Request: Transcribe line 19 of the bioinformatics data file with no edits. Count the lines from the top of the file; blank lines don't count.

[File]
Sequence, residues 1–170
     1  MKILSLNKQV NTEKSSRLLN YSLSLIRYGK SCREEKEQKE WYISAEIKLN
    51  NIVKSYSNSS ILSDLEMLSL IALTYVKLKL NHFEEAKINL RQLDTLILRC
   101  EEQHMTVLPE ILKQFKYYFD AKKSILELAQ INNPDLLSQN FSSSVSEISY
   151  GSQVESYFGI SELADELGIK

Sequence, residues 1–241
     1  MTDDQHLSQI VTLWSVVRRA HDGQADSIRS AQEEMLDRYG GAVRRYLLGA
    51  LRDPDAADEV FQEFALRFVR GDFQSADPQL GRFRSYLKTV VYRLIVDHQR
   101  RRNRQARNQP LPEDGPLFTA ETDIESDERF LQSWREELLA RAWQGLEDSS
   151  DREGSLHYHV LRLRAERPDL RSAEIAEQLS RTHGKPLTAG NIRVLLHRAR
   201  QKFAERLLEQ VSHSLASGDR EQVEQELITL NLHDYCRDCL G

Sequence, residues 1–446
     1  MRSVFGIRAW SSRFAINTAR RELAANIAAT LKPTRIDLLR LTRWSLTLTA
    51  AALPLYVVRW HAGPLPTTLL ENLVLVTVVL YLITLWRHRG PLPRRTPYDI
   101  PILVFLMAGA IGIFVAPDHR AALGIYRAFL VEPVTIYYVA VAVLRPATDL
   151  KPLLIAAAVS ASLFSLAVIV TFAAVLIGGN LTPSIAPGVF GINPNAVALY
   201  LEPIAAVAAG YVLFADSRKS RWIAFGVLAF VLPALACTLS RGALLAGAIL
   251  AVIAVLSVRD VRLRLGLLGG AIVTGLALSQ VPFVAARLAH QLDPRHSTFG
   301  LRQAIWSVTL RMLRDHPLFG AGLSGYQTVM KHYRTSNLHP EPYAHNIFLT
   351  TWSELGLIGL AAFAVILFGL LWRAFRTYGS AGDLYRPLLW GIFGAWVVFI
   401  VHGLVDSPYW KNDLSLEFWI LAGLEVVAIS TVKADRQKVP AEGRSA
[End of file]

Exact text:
   301  LRQAIWSVTL RMLRDHPLFG AGLSGYQTVM KHYRTSNLHP EPYAHNIFLT